Take A Bow, South Africa!

Let us begin by saluting the men and women representing South Africa at the 2016 Olympic Games in Rio De Janeiro.  Team SA returns from Rio with 10 medals – the best ever effort by a South African team at the Games.  Included in that tally are athletics super stars Wayde Van Niekerk and Caster Semenya.  The former powered his way to a world record win in the men’s 400 metres while the latter left the 800 metres women’s field in her wake on her way to gold.

RIO DE JANEIRO, BRAZIL - AUGUST 15:  Wayde van Niekerk of South Africa is crowned Olympic champion as he gets his gold medal for winning the 400m for men's race. Olympic athletics day four Finals on August 15, 2016 at the Olympic Stadium in Rio de Janeiro, Brazil. (Photo by ©Christiaan Kotze/SASPA

Photo credit: Christiaan Kotze/SASPA

South Africa’s silver medals were won by Cameron Van Der Burgh; who started it all off in the men’s 100 metre breaststroke, Chad Le Clos (men’s 200 metre freestyle and 100 metre butterfly), Shaun Keeling and Lawrence Brittain (men’s coxless pair), Luvo Manyonga (long jump) and Sunette Viljoen (javelin).  The Blitzbokke delivered a bronze medal in seven’s rugby, as did Henri Schoeman in the men’s triathlon.

RIO DE JANEIRO, BRAZIL. 14 AUGUST 2016. Luvo Manyonga during the  medal ceremony for the long jump at the Olympic Stadium at the Rio 2016 Olympic Games today.  Copyright picture by WESSEL OOSTHUIZEN / SASPA

Photo credit: WESSEL OOSTHUIZEN / SASPA

It is interesting to note that Le Clos finished fourth in the men’s 200 metre butterfly while the men’s lightweight double sculls and coxless four boats both finished fourth in their finals.  On another day, in a different location it could have been three more medals to the South Africans.  Factor in Akani Simbine’s hamstring injury and Anaso Jobodwana’s pelvic problems and a 100% fit athletics contingent might well have delivered an additional sprinting medal; most likely Jobodwana in the 200 metre where emulating his personal best of 19.87 seconds would have been good enough for silver at the Olympic Stadium.  Mind you a Simbine PB of 9.89 seconds would have secured silver alongside Justin Gatlin at these Games.  We cannot ignore Athletics South Africa’s (ASA) criminal negligence in not entering a South African relay team.  Simbine, Jobodwana, Van Niekerk and Henricho Bruintjies possess some serious gas and would almost certainly be on the podium in the 4x100m and/or the 4x200m relays.

RIO DE JANEIRO, BRAZIL - AUGUST 14:  Wade van Niekerk of South Africa is the new Olympic champion and world record holder in the mens 400m at the Olympic athletics day three Finals on August 14, 2016 at the Olympic Stadium in Rio de Janeiro, Brazil. (Photo by ©Christiaan Kotze/SASPA

Photo credit: Christiaan Kotze/SASPA

Suddenly a target of 16 medals does not look out of place.  The problem is that we are asking for perfect conditions for this to take place but when you are South Africa at the Olympics, you need that.  The United States, China and Great Britain are the heavyweights of the Olympic Games.  They operate at a level beyond the reach of the South Africans.  If Team SA suffers an injury or two, or someone has an off day, or is disqualified, there is no shot at redemption.  To give it context, we are celebrating a best-ever return of 10 medals whereas that is almost the daily tally of the USA.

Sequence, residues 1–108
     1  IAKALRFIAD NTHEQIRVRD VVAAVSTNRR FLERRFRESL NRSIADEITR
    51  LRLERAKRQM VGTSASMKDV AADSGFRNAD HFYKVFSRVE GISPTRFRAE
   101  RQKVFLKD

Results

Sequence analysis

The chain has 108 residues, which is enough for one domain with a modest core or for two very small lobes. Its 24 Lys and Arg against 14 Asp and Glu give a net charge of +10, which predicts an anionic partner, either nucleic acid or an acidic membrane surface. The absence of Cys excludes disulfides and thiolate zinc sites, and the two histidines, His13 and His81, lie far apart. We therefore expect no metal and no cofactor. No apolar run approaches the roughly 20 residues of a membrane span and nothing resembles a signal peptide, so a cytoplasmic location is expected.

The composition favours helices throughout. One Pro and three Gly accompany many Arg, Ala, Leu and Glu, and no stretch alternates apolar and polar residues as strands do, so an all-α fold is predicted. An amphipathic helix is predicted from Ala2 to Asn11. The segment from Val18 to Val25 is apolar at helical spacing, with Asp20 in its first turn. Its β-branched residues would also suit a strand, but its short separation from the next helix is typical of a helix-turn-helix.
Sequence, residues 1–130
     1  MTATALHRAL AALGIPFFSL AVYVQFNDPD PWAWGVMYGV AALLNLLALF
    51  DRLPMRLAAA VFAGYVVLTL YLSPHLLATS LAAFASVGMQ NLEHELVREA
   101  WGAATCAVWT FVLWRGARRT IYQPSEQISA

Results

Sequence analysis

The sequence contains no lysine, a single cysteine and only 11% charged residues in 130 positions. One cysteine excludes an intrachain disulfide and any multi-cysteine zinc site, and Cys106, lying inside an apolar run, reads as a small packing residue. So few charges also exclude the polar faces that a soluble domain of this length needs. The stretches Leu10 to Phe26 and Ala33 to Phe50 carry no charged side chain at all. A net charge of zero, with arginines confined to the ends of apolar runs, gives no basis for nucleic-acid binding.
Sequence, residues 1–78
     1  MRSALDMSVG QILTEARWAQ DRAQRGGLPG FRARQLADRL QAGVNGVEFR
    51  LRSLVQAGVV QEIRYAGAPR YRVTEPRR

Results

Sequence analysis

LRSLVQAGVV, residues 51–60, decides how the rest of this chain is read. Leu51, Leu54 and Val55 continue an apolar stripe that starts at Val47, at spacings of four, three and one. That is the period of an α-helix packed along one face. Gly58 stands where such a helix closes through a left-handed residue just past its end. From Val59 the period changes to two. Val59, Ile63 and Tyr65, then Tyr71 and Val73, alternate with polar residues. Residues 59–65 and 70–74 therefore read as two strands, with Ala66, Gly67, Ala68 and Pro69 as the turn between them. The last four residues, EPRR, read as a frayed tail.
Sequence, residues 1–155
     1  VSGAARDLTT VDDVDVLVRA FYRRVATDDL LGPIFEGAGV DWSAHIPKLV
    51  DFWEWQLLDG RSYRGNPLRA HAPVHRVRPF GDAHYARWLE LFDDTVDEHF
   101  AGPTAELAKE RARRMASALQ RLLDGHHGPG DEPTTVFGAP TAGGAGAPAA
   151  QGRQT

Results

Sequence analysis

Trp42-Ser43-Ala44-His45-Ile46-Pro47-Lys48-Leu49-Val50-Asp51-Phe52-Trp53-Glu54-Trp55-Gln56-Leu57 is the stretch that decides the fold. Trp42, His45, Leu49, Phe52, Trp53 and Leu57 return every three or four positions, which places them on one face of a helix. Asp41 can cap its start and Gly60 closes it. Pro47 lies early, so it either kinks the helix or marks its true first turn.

Rio Olympics Opening Ceremony on August 05, 2016 in Rio, Brazil.  ©Christiaan Kotze/SASPA

Photo credit: Christiaan Kotze/SASPA

Still, it looks promising ahead of Tokyo 2020 and perhaps South Africa can start getting used to this kind of return.  Things are looking promising; Le Clos, Manyonga and Schoeman are still at very good ages, the rowers are clearly doing something right and the Blitzbokke should be perennial contenders.  So where could more medals come from?

Now is not only the time for corporate South Africa to come on board and assist but also for SASCOC to shift up a gear – and put pressure on ASA to get their house in order.  Imagine a similar return of 10 medals in four years’ time.  Imagine if it could actually be around 15 medals.  And what if SASCOC took a strategic decision to throw money at gymnastics and boxing?  Why those two?  Because similar to swimming and athletics there are several disciplines which increases the likelyhood of being able to medal.

RIO DE JANEIRO, BRAZIL. 9 AUGUST 2016. Chad le Clos during the 200m butterfly final at Rio 2016 Olympic Games tonight.  Copyright picture by WESSEL OOSTHUIZEN / SASPA Copyright picture by WESSEL OOSTHUIZEN / SASPA

Photo credit: WESSEL OOSTHUIZEN/SASPA

For example in football you have one chance to finish in the top three.  Whereas in boxing there are 13 weight divisions (men and women) and gymnastics offers 18 medal events.  That equals 93 medals.  Swimming offers 104 medals in total and athletics 141.  Consider that South Africa generally delivers around three medals in swimming and athletics, and perhaps the same potential for gymnastics and boxing; something in which this country has traditionally produced talent in abundance, and you have a scenario in which SASCOC could target “20 medals in 2020” and it would be difficult to scoff. 

RIO DE JANEIRO, BRAZIL. 3 AUGUST 2016.  Tubby Reddy, chef de misson of Team SA during an interview  in the Olympic Village in Rio de Janeiro today.  Copyright picture by WESSEL OOSTHUIZEN / SASPA

Photo credit: WESSEL OOSTHUIZEN / SASPA

SASCOC and ASA have seldom managed to get it right but here is a golden opportunity.  Don’t disappoint us now.